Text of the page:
FINAL REPORT (1 page overview)
Dr Michael Scott
Classics and Ancient History
This final report should be read in conjunction with the 1 hour video recorded at
IATL with Dr Michael Scott and 4 students who took the Democracy and
Imperialism module (Tom Sinden, Poppy Richards, Emily Worbuoys and Theo
In this overview, I set out the key problem this academic fellowship sought to
tackle, and in the video, we systematically look at each aspect of what was
attempted in response through the course and how the students felt these
initiatives worked and how they could be improved.
Key Problem and Aim:
Modules are traditionally examined through written assessment points and
exams. This module sought to create a way in which different forms of
continuous participation (discussion in both class and online, presentations on
site and in lecture room) could be captured, monitored and available for
assessment both by internal and external examiners in a rigorous enough way to
be safely and confidently counted as an assessed % of the overall module mark.
In turn, this module sought to act as a benchmark for making the case to the
Classics department that modules can and should move away from the 50/50
weighting of written assessment and exam, and for encouraging departmental
support and funding in the future for such alternative methods of assessment.
Overall outcome of this academic fellowship:
I am happy to report that the Department of Classics (and its Teaching and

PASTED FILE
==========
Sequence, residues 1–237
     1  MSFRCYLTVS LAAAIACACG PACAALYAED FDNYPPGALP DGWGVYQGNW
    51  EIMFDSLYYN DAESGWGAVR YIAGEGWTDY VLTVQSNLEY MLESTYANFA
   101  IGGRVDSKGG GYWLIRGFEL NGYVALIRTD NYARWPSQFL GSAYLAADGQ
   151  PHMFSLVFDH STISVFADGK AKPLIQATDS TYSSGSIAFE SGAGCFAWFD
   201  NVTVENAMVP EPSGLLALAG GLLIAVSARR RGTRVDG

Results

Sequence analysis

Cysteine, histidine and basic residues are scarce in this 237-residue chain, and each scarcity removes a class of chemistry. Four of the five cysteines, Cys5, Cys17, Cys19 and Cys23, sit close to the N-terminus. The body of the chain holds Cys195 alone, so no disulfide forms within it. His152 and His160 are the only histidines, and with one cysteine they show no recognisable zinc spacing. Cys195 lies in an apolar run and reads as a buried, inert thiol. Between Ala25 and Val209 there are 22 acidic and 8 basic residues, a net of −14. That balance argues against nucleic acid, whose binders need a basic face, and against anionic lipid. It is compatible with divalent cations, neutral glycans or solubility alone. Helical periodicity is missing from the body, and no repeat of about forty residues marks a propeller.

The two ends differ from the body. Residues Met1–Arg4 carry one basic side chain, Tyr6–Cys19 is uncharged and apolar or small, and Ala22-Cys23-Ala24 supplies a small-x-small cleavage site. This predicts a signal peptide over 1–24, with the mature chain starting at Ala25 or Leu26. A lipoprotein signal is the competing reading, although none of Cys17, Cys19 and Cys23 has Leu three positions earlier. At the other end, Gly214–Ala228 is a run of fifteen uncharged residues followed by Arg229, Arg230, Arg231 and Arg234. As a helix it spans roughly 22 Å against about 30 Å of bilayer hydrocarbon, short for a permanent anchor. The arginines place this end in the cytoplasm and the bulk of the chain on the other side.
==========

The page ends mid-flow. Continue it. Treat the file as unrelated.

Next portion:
Learning Strategy group) on review of the evidence provided by the Democracy
and Imperialism module this year, has agreed to allow me to apply for a 10-15%
continuous participation mark as part of the overall module assessment when
this module next runs in 2015-6 (when it will also run as a Greek text module for
Classicists). In addition, this module has also contributed to the department’s
embracing of non-traditional modes of assessment across a range of modules,
which will be tried out for the first time in 2014-5.
It should be noted that the visiting academics who took part in seminar
discussions were impressed by the format and are intending to replicate it in
their universities in due course.
In addition, the link up with the Department of Classics at Monash university as
part of the project proved extremely popular in both Monash and Warwick, and
will from now on form a more long term backbone of Classics teaching in both

FINAL REPORT (1 page overview) Dr Michael Scott